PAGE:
In a recent study from Northern Illinois University, researchers found that Facebook profiles can help predict job performance and academic success. A small group of HR professionals and students were asked to review students’ Facebook profiles, grade them according to the Big Five personality traits (conscientiousness, agreeableness, extroversion, emotional stability and openness) and then rate their hirability. Six months later, researchers matched these ratings against employee evaluations from the students’ supervisors and found a strong correlation between the two.
“In five or 10 minutes, our raters could look at the tone of a subject’s wall post, note the number of friends they have, peruse their photos to see how social they were and assess their tastes in books and music. It’s a very rich source of information,” says Don Kluemper, lead researcher of the study.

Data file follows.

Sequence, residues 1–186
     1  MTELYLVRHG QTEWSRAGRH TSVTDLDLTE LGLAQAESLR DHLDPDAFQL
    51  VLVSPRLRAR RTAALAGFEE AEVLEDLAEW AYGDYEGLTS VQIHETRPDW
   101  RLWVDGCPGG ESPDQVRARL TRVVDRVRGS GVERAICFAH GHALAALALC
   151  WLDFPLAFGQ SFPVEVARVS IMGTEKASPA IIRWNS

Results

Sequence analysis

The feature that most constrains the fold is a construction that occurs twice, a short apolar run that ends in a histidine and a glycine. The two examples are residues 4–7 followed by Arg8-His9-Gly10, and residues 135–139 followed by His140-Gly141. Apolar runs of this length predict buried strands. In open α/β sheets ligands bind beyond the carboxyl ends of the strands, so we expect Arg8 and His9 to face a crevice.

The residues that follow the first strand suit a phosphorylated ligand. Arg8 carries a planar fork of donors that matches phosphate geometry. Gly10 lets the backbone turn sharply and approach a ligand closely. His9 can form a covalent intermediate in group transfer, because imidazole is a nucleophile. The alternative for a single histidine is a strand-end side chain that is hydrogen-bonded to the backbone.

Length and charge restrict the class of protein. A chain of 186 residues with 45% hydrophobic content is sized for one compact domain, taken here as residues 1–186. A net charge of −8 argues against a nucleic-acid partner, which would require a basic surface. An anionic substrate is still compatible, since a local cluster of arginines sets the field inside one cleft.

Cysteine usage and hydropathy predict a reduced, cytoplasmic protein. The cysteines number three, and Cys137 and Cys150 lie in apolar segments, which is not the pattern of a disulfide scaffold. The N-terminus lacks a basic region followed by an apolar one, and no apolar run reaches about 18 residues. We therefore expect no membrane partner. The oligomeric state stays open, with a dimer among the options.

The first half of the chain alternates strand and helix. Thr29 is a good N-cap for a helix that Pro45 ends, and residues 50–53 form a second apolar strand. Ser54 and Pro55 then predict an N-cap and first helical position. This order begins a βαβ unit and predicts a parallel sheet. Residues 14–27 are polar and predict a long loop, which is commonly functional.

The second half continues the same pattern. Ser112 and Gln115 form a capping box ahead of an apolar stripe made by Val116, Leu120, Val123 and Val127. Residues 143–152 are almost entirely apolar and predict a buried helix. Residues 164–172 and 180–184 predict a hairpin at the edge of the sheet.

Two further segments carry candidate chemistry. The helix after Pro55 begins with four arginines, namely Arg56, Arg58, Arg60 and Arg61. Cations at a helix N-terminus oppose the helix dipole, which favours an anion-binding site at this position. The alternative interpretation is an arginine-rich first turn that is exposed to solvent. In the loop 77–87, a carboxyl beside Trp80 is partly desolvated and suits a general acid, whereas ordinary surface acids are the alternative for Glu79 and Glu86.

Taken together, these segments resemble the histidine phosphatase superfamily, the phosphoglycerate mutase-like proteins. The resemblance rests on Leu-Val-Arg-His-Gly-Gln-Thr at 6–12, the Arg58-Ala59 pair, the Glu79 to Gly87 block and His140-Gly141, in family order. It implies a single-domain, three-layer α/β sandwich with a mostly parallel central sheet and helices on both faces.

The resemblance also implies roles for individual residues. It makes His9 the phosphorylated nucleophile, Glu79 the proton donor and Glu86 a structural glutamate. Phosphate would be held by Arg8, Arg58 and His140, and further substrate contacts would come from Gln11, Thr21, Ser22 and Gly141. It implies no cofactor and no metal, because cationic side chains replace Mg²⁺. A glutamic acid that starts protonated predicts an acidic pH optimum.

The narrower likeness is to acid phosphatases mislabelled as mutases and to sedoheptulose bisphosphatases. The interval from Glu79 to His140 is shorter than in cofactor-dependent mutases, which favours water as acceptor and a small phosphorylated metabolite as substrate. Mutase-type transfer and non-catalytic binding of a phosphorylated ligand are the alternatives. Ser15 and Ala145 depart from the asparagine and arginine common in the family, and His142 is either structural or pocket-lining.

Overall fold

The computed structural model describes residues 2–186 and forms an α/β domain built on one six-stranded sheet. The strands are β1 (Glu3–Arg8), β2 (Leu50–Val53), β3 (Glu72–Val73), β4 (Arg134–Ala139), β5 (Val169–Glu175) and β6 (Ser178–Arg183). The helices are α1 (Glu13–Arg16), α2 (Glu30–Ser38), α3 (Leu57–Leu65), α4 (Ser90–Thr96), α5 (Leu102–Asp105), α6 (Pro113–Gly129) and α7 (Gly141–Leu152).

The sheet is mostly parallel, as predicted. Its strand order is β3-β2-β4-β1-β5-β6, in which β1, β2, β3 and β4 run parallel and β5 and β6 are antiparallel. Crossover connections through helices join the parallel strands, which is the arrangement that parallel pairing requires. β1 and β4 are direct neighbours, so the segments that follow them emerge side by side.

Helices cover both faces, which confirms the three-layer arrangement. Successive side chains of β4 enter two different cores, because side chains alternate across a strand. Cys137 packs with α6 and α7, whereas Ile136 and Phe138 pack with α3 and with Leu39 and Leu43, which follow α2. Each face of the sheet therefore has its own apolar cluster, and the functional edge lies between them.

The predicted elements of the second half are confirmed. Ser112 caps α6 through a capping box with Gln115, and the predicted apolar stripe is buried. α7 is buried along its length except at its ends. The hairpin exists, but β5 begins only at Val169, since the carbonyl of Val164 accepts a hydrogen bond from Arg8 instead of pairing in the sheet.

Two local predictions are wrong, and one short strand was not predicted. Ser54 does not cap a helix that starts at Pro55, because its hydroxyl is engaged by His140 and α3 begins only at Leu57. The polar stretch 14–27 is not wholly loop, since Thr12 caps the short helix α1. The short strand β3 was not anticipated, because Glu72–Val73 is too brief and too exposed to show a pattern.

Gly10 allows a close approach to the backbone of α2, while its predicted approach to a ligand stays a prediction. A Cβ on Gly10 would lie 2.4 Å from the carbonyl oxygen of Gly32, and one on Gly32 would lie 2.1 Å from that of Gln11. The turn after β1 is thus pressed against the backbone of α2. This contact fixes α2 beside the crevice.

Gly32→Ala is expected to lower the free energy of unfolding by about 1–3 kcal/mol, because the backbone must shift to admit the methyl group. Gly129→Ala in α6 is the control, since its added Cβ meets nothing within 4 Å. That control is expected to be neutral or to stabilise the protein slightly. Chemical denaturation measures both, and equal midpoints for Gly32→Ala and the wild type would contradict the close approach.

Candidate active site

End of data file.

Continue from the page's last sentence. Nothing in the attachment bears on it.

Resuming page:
Other major takeaways of the study include:
- Facebook scores were a better predictor of future academic success (based upon grade point averages) than personality and IQ scores combined.
- Facebook profiles are more authentic than personality profiles questionnaires.
- Emotional extremes displayed on Facebook can translate to “emotionally unstable.”
What can I do to make sure my profile is the best reflection of my personality?
Reppler helps you monitor your Facebook profile, and generates an “Image Score” to evaluate the tone of the language on your wall (positive, neutral or negative). Our “Common Word” widget keeps record of the words used most often by you and your connections. Like to “vent” on Facebook? Chances are your score will indicate a higher level of emotional instability (not exactly something a potential employer wants to see). When it doubt, choose something positive to post.
Interestingly enough, however, social pictures on your profile are not always a bad thing. They indicate extroversion and friendliness. Does this mean anything goes? Certainly not. Some pictures, and you know which ones, should remain for your eyes only.
Whether we like it or not, Facebook is being used as a reliable job-screening tool. It is important to ensure that your profile is consistent with how you would like to be perceived by others, personally and professionally.